Increasing efforts to restrict livestock industry practices by animal rights groups in the U.S. are defended by the head of the Humane Society of the United States (HSUS). Wayne Pacelle recently spoke with Brownfield, “All of our campaigns related to food animal production are about humane production standards, humane transport and humane slaughter. I mean, I defy anyone to show me any statement where we say we want to eliminate animal agriculture.”
Pacelle says concerns in agriculture that HSUS campaigns to crack down on irresponsible dog breeders, like the one in Missouri, have anything to do with livestock agriculture are unfounded. Pacelle says, “It’s an irrational and paranoid response.”
Pacelle says the goal of HSUS is not to shut down livestock production but to improve the treatment of animals raised for food. Members of ag groups in states such as Ohio and Missouri continue to work toward stopping what they say are HSUS attempts to eventually shut down livestock production in their states.
Dale Ludwig is one of the leaders of the Missouri Animal Ag Coalition and is the Executive Director of the Missouri Soybean Association. He tells Brownfield one only need to look at the track record of HSUS in other states, where they often start with an issue that deals with pets, raise vast sums of money, then follow up with additonal regulations on animal agriculture. “I think they continue to misrepresent what the facts are and they can say things like we are paranoid,” says Ludwig. “All you have to do is look at what they have done in other places” and ” you could make the assumption that’s what they will do here.”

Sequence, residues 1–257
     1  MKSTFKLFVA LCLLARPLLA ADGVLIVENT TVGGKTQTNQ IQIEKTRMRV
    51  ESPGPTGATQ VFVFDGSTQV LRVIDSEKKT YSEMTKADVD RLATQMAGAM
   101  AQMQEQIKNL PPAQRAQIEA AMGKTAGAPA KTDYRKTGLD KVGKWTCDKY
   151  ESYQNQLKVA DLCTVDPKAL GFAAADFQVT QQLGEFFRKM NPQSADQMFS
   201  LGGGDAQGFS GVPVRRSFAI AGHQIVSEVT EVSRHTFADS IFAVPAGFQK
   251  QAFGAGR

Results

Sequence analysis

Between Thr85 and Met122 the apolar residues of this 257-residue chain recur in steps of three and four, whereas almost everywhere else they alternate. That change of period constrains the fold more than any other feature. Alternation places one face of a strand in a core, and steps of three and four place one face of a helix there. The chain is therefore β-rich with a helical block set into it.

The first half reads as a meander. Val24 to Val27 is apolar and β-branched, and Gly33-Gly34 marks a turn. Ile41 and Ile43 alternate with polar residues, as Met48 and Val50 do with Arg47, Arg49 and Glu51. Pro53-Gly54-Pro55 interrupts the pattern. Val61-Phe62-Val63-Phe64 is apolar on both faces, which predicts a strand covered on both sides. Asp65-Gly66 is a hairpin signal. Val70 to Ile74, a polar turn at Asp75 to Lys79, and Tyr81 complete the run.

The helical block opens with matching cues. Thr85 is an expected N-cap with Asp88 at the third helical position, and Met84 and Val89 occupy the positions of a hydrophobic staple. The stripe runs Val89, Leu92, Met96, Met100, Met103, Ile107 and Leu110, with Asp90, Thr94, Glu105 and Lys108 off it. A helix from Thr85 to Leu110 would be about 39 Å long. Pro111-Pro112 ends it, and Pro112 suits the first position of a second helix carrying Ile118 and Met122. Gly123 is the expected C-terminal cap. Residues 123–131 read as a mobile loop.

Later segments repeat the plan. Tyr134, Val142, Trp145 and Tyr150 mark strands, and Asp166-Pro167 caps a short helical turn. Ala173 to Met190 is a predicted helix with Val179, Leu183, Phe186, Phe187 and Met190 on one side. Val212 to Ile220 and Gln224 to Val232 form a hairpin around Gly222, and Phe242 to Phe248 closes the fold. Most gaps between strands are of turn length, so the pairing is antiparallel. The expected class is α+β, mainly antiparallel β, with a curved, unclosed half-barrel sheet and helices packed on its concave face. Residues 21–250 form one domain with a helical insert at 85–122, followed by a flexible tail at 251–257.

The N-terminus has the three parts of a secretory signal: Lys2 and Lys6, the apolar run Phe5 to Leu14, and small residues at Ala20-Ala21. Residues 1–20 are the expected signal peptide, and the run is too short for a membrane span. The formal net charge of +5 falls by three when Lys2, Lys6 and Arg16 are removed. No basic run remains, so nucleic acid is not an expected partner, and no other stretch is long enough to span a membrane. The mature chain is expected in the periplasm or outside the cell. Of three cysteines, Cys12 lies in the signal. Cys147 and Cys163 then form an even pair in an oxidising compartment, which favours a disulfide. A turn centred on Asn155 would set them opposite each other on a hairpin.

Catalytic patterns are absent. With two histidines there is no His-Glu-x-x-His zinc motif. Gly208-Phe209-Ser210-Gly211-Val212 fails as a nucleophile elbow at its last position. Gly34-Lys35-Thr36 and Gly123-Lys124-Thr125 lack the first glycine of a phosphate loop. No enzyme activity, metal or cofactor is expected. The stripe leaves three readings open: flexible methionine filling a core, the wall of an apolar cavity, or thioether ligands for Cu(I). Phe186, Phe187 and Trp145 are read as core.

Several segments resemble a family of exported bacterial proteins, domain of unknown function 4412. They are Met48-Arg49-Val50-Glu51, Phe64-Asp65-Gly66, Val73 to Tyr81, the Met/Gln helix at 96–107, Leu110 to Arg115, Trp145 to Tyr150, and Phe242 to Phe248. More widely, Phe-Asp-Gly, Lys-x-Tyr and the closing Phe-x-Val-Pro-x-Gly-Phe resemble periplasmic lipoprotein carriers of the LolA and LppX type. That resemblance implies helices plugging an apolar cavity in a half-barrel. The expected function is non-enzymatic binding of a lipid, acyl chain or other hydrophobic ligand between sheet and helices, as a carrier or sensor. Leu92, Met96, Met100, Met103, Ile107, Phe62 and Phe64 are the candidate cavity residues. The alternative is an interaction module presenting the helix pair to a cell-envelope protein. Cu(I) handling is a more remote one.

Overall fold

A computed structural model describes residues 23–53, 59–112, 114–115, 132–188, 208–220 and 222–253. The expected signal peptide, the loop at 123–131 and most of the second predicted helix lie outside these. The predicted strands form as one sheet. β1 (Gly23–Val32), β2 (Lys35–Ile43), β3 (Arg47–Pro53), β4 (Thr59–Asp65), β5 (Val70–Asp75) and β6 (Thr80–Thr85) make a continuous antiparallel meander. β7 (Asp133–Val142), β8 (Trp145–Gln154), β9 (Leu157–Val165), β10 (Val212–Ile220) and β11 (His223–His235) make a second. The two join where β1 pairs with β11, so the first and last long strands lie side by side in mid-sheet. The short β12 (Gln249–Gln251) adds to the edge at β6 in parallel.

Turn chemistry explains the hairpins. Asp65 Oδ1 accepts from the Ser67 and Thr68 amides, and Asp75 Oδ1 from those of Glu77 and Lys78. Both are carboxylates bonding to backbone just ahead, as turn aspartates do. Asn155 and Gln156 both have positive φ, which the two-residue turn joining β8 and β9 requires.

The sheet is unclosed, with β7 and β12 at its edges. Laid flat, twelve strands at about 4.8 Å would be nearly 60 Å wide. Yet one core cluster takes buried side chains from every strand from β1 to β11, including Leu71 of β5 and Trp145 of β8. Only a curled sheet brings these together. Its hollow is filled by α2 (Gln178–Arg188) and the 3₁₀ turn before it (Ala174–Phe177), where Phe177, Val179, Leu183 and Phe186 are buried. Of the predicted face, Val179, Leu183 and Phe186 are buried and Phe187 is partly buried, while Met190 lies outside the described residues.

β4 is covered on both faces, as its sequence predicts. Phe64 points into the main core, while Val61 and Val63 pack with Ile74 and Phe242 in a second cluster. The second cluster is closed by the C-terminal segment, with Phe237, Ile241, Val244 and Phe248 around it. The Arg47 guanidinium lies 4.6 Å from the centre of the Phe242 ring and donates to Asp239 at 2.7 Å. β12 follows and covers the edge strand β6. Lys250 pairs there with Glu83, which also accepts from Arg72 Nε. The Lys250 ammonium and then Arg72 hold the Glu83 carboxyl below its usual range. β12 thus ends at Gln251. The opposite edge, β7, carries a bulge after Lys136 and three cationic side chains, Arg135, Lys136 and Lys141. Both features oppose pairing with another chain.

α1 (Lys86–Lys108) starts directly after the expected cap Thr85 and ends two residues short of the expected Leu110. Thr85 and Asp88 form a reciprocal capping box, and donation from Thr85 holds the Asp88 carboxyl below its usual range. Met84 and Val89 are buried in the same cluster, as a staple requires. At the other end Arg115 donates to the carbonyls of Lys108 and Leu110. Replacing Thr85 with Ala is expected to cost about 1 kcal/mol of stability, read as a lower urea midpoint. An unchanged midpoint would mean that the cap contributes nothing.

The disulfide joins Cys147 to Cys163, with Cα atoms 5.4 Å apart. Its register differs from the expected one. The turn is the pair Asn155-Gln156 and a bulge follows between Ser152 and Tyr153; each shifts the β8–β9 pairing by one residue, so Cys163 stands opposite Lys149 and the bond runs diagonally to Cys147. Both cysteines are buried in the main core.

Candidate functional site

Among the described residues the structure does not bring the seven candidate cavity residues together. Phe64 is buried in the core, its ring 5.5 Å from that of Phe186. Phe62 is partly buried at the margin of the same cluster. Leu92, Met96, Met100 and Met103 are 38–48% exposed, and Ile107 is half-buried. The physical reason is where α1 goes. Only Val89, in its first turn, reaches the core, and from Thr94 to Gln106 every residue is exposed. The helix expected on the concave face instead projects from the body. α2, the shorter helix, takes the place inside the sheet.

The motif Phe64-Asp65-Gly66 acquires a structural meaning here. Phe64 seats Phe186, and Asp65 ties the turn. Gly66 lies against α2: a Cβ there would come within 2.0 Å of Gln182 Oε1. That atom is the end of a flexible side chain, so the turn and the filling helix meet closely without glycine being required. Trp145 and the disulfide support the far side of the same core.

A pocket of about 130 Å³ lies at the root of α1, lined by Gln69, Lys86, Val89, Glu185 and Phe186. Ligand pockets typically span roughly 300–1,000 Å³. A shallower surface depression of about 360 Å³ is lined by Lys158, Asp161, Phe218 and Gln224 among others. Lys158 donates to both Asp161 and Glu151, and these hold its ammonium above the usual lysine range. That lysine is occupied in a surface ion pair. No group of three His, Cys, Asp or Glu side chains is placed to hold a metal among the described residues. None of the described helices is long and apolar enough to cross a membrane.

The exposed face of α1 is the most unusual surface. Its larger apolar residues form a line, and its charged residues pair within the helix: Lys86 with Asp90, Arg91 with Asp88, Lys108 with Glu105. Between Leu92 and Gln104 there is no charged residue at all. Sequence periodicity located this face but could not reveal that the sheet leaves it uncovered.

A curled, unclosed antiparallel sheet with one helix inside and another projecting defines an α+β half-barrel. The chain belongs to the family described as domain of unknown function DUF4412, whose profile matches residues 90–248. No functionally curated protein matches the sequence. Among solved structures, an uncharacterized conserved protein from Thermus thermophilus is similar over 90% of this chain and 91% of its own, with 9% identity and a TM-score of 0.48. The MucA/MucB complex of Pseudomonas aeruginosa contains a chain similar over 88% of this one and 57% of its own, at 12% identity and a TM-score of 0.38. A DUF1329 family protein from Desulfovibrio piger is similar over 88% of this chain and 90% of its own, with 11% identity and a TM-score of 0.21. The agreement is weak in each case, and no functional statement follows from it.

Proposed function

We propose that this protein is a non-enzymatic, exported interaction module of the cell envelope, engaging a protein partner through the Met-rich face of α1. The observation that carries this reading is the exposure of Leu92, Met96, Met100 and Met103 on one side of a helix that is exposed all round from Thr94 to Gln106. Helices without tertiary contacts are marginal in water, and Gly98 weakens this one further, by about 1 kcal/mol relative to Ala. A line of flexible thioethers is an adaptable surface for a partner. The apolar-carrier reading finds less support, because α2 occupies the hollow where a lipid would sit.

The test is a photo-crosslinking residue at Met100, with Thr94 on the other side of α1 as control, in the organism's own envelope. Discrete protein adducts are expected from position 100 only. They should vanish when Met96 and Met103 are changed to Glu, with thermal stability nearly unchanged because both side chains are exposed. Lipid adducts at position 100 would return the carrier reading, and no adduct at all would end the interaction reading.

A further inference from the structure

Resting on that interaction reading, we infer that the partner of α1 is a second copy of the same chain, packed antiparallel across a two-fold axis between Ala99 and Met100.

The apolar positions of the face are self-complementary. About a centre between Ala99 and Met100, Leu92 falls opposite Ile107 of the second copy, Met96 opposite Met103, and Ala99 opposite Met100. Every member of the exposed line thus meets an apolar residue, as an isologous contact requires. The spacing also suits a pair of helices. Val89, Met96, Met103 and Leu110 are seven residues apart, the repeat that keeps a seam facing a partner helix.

An HSUS-backed ballot initiative in Missouri to crack down on dog breeders is gathering momentum. Pacelle says they will have enough signatures to place it on the November ballot. Ludwig says Missouri will be ready. A proposed constitutional amendment supported by the Missourians for Animal Care Coalition passed the Missouri House earlier this month. It is now in the Senate. Ludwig says the state legislature is ready to respond, if necessary, by placing the proposed amendment before voters in November. The amendment would protect the rights of Missourians to raise domesticated animals as long as they are treated in a humane matter “without the state imposing an undue economic burden on animal owners.”
In additon, Karen Strange with the Missouri Federation of Animal Owners, has sued the state to stop the “Puppy Mill” initiative. Strange takes issue with much of the ballot initiative language. For one, she contends the terms “puppy mill” and “puppy mill cruelty” are “likely to deceive and mislead voters.”